Let’s Talk Turkey

For those intrigued with some of the issues of plants and animals in the Book of Mormon, a recent news item from the University of Florida offers some interesting information.
The possibility that turkeys may have been part of references to “flocks” in the Book of Mormon is strengthened by recent discoveries of Mayan remains showing that domesticated turkeys were present much earlier than previously realized. See “UF Researchers Discover Earliest Use of Mexican Turkeys by Ancient Maya” from Eureka Alert (eurekalert.org) in a release dated Aug. 8, 2012. An excerpt follows:

UF researchers discover earliest use of Mexican turkeys by ancient Maya

GAINESVILLE, Fla. — A new University of Florida study shows the turkey, one of the most widely consumed birds worldwide, was domesticated more than 1,000 years earlier than previously believed.

Researchers say discovery of the bones from an ancient Mayan archaeological site in Guatemala provides evidence of domestication, usually a significant mark of civilization, and the earliest evidence of the Mexican turkey in the Maya world. The study appears online in PLoS ONE today.

The discovery of the turkey bones is significant because the Maya did not use a lot of domesticated animals. While they cultivated domesticated plants, most of their animal protein came mostly from wild resources, said lead author Erin Thornton, a research associate at the Florida Museum of Natural History on the UF campus and Trent University Archaeological Research Centre.

“We might have gotten the timing of the introduction of this species to the ancient Maya wrong by a significant chunk of time,” Thornton said. “The species originates from central Mexico, outside the Maya cultural area. This is the species the Europeans brought back with them to Europe — all domestic turkeys originated from Mexico.”

Using archaeological evidence, comparisons of bone structure and ancient DNA analysis, scientists determined the turkey fossils belonged to the non-local species Meleagris gallopavo gallopavo, which is native to central and northern Mexico. The Mexican turkey is the ancestor of all domestic turkeys consumed in the world today and Mesoamerica’s only indigenous domesticated animal. The discovery of the bones south of the turkey’s natural range shows animal exchange occurred from northern Mesoamerica to the Maya cultural region during the Late Preclassic period from 300 B.C. to A.D. 100.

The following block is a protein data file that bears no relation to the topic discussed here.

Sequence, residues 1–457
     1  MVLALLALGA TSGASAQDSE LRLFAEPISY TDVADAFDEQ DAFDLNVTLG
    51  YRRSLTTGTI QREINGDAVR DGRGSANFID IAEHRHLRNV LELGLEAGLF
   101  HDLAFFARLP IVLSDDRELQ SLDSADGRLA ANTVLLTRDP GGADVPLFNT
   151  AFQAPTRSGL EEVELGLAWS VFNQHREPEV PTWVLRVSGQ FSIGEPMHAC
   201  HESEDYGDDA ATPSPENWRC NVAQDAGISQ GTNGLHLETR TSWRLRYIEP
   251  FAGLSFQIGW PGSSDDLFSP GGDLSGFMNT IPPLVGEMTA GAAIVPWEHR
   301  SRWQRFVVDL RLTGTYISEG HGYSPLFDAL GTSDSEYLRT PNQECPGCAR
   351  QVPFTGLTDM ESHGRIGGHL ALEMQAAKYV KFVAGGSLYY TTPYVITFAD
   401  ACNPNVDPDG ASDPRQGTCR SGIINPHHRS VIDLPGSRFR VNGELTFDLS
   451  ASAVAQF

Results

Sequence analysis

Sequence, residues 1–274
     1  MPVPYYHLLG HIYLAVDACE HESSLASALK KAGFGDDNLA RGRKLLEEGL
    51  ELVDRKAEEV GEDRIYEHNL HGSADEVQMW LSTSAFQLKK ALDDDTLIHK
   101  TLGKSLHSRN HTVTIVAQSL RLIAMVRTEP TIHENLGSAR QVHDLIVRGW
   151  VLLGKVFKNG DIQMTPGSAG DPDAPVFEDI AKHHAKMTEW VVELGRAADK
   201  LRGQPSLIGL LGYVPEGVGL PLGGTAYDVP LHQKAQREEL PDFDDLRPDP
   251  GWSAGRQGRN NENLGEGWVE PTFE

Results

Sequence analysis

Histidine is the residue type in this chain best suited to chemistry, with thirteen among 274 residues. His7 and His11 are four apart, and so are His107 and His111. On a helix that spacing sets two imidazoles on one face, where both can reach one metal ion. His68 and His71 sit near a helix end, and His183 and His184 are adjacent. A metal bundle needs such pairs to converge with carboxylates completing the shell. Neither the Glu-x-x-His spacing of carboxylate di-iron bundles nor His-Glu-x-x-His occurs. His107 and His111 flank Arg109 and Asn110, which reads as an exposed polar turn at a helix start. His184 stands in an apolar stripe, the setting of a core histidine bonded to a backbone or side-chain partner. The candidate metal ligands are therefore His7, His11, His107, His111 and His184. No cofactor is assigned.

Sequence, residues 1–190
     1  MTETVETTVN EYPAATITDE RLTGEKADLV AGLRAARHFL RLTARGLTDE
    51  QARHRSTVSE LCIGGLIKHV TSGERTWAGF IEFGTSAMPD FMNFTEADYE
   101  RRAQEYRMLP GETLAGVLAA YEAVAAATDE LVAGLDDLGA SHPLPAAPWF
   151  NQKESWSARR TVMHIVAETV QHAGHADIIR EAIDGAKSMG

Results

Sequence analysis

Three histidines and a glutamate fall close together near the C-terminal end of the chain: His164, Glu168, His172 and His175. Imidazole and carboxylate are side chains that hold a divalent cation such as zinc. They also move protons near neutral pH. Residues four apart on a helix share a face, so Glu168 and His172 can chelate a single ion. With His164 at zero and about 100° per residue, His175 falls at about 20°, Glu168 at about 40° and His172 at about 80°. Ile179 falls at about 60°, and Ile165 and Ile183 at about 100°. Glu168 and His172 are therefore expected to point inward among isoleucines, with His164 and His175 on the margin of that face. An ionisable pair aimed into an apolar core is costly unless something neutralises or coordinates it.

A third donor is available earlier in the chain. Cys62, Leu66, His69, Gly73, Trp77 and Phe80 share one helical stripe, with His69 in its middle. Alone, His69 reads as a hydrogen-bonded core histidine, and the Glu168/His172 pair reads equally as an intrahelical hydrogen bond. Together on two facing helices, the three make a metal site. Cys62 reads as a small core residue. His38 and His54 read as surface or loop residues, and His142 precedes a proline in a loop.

“This research has consequences for understanding Maya subsistence because they would have had access to a controlled, managed resource,” Thornton said. “The turkey bones came from right within the ceremonial precinct of the site, so these are probably the remains of some sort of elite sacrifice, meal or feast.”

The bones were recovered from the El Mirador archaeological site, one of the largest and most developed Preclassic locations found in the Maya lowlands. The site contains massive temple complexes, some of the largest Maya architecture ever constructed.

“Plant and animal domestication suggests a much more complex relationship between humans and the environment — you’re intentionally modifying it and controlling it,” Thornton said.

Researchers assumed turkey bones previously recovered from Maya sites belonged to the native ocellated turkey, Meleagris ocellata. The new evidence means researchers may need to re-examine previously recovered bones, said Florida State University anthropology professor emeritus Mary Pohl.

“This study is extremely significant and I think it opens up a whole new perspective on the Maya and animal domestication,” Pohl said. “I find it especially interesting that these turkey bones are in this very special pyramid context because people often think of turkeys as something to eat, but they were probably making some sort of special offerings of them, which would go along with the fact that they brought them in from a long distance.”

Very interesting. Was Ammon risking his life to vigorously defend King Lamoni’s turkey flocks? Food for thought. And thanksgiving. The relationship to religious rites (animal sacrifice) and religious sites is especially interesting.

The turkey, though, is mentioned as Mesomerica’s only indigenous domesticated animal. Were there others? Does the Book of Mormon text indicate that there were multiple indigenous domesticated animals? 

Update, 8/19/2012: Sorry, but my wife has called fowl on my suggestion about Ammon. She feels that the turkey hypothesis won’t fly because turkeys don’t need a lot of water (see, for example, this guide on pasturing turkeys), making it unlikely that turkey flocks were being marched regularly to the old watering hole.  Well, she may be right, which tapirs down the list of possibilities.